Coffee, tea, chocolate, along with an endless variety of alcoholic beverages, were Europe’s solution to unpotable water. Water had to be boiled of fermented to kill deadly germs, which then made it possible to drink the water without contracting disease, but left it’s taste unappealing to say the least. Flavoring the drink created something more pleasant, and our ancestors found numerous ways of doing just that, creating tea and coffee blends, chocolate drinks, syllabubs, punches and stronger, rather frightening sounding concoctions with names such as “Whistle Belly Vengeance”!

Along with taverns, coffee, tea and chocolate houses began to appear in cities and were popular meeting places (the latter three being appropriate for “proper ladies” patronize.) These were the 18th century versions of “Starbucks”. They often served food, provided daily newspapers for their customers to read, and became a place to discuss politics, art, science, and other intellectual pursuits. If such a place were not available, these drinks were a staple in nearly every home and would have been enjoyed by most families, even those of modest means.



coffee pot

Historic reproduction. These pots were “serving” pots. Coffee was never brewed in them. The coffee would be brewed in a large kettle over the fire, then poured into these pots for serving at the table. Typically, the pot would be set on a brazier to keep the contents warm, then set on or near the table (sometimes even on the floor!). These pots were used much in the same way a carafe is used in restaurants today. They are usually quite small, intended only for the use of a few people and refilled when needed. Remember too, that coffee was served in small cups, not the mega-mugs we are accustomed to! Copper with tin lining. Sturdy hinged lid with hand turned wood handle. These pots are so lovely, they are sure to make any coffee-break special!


Dated: ca. mid 18th century
Origin: English
Materials: copper, tin, various wood as available
Dimensions: Large: 5″dia. base, 8″tall, capacity: 5 1/2cups
Small: 3 1/4″ base, 5 1/2″tall, 3 cups
X-0013-TLC COFFEE POT, Large (commissioned work) $195.00
X-0014-TLC COFFEE POT, Small (commissioned work) $175.00





Historic reproduction. What could be more pleasant than a cup of hot chocolate on a chilly winter day?! Make your hot chocolate in this beautiful pot and enjoy it in style! Chocolate was a favorite drink in the 18th century, and I would venture to say it still is! This pot is tin lined, with a lid and hand turned wood handle. A hand turned wood stirring paddle mixes up your tasty concoctions! These pots were intended to sit on a brazier at or near the table, keeping your hot chocolate “hot”! Chocolate pots were fairly small in size, as chocolate was taken in small cups, not large mugs as we do today!


Dated: ca. 1740
Origin: English
Materials: tin, copper, various wood as available
Dimensions: 5″dia. base, 8″tall, 5 1/2″cup capacity
X-0015-TLC CHOCOLATE POT (commissioned work) $199.00






Historically inspired. This teapot is inspired by 18th and 19th century examples. Heavy gauge copper that is tin lined. This teapot has a bail with a wooden grip as well as a handle for easy pouring. The lid has a ring and there is a nice pouring spout. This pot has a wide base which has excellent heat distribution – it can really boil water in a hurry!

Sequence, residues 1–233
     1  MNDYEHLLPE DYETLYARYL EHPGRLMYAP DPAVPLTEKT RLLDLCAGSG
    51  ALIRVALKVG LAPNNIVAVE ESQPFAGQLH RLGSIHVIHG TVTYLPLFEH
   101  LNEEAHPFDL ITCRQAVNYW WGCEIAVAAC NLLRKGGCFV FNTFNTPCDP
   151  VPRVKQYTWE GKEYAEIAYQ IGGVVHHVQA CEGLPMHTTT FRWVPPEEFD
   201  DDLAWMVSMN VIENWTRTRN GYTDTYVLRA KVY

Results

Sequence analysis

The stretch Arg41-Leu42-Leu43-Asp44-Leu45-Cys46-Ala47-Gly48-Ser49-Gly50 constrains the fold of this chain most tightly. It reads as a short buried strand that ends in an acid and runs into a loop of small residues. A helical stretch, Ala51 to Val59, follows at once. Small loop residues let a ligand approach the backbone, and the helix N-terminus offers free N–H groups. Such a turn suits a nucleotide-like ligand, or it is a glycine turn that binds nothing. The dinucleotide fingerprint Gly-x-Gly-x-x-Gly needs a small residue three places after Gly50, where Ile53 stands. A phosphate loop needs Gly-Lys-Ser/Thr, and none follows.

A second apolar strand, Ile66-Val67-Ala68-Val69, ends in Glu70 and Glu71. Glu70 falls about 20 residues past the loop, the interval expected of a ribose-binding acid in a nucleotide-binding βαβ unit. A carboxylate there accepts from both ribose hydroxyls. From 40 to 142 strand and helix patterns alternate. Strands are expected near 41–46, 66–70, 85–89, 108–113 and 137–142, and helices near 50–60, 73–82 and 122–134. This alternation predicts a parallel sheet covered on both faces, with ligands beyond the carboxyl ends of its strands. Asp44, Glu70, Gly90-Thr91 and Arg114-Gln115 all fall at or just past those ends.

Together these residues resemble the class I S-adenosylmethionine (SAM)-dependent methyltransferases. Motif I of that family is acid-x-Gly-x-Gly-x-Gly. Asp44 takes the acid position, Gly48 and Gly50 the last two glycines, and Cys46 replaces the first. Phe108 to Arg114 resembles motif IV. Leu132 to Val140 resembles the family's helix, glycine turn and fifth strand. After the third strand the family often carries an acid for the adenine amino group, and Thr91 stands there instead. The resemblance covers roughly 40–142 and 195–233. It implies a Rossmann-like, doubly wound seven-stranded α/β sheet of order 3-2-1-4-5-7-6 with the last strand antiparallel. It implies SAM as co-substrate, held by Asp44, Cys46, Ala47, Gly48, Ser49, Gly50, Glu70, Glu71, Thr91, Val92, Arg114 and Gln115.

Dated: 18th – 19th century style
Origin: English/American
Materials: copper, tin, various wood as available
Dimensions: LARGE: 10 1/2″dia. 11 cup capacity
MEDIUM: 8″dia. 7 cup capacity
SMALL: 6″dia. 3 cup capacity
X-0066-TLC TEAPOT, LARGE (commissioned work) $ 125.00
X-0067-TLC TEAPOT, MEDIUM (commissioned work) $ 115.00
X-0068-TLC TEAPOT, SMALL (commissioned work) $ 105.00




indir (3)

Historic reproduction. This is a copy of an antique original dating from the late 17th to the early 18th century. It is a very pretty piece that will make tea time that much more pleasant! Just place the strainer over your cup and pour brewed tea through it. Hand hammered heavy brass with a pierced bowl and pretty shaped handle. Make tea time extra special with this lovely tea strainer!



Dated: late 17th, early 18th century
Origin: English
Materials: brass
Dimensions: 4″ x 6 1/2″
X-0064-B TEA STRAINER (commissioned work) $57.00




indir (4)

Historic reproduction. This is a copy of an original piece dating from the mid 18th century. It is completely handmade. It has a graceful fig shaped bowl and beautiful cut handle. All hand hammered, it is really a nice addition to any tea service. Loose tea was poured from the caddy into the caddy spoon, to be then added to the simmering water. So much nicer than an ordinary spoon!


Dated: 18th century
Origin: English
Materials: brass
Dimensions: 3 7/8″long x 2 1/8″dia. bowl
X-0065-B TEA CADDY SPOON (commissioned work) $59.00





Historic reproduction. This was a very popular style for tea caddy’s in the 18th century. It’s octagonal shape reflects the Chinese influence of the period. Available in either tin lined copper or tin lined brass (both correct). Friction fit lid. This is a very pleasing piece.





Dated: circa 1750
Origin: English, other
Materials: tin lining with copper or brass
Dimensions: 5″across, 6″tall, 1″tall spout
X-0008-TLC OCTAGONAL TEA CADDY, tin lined copper (commissioned work) $120.00
X-0009-TLB OCTAGONAL TEA CADDY, tin-lined copper (commissioned work) $120.00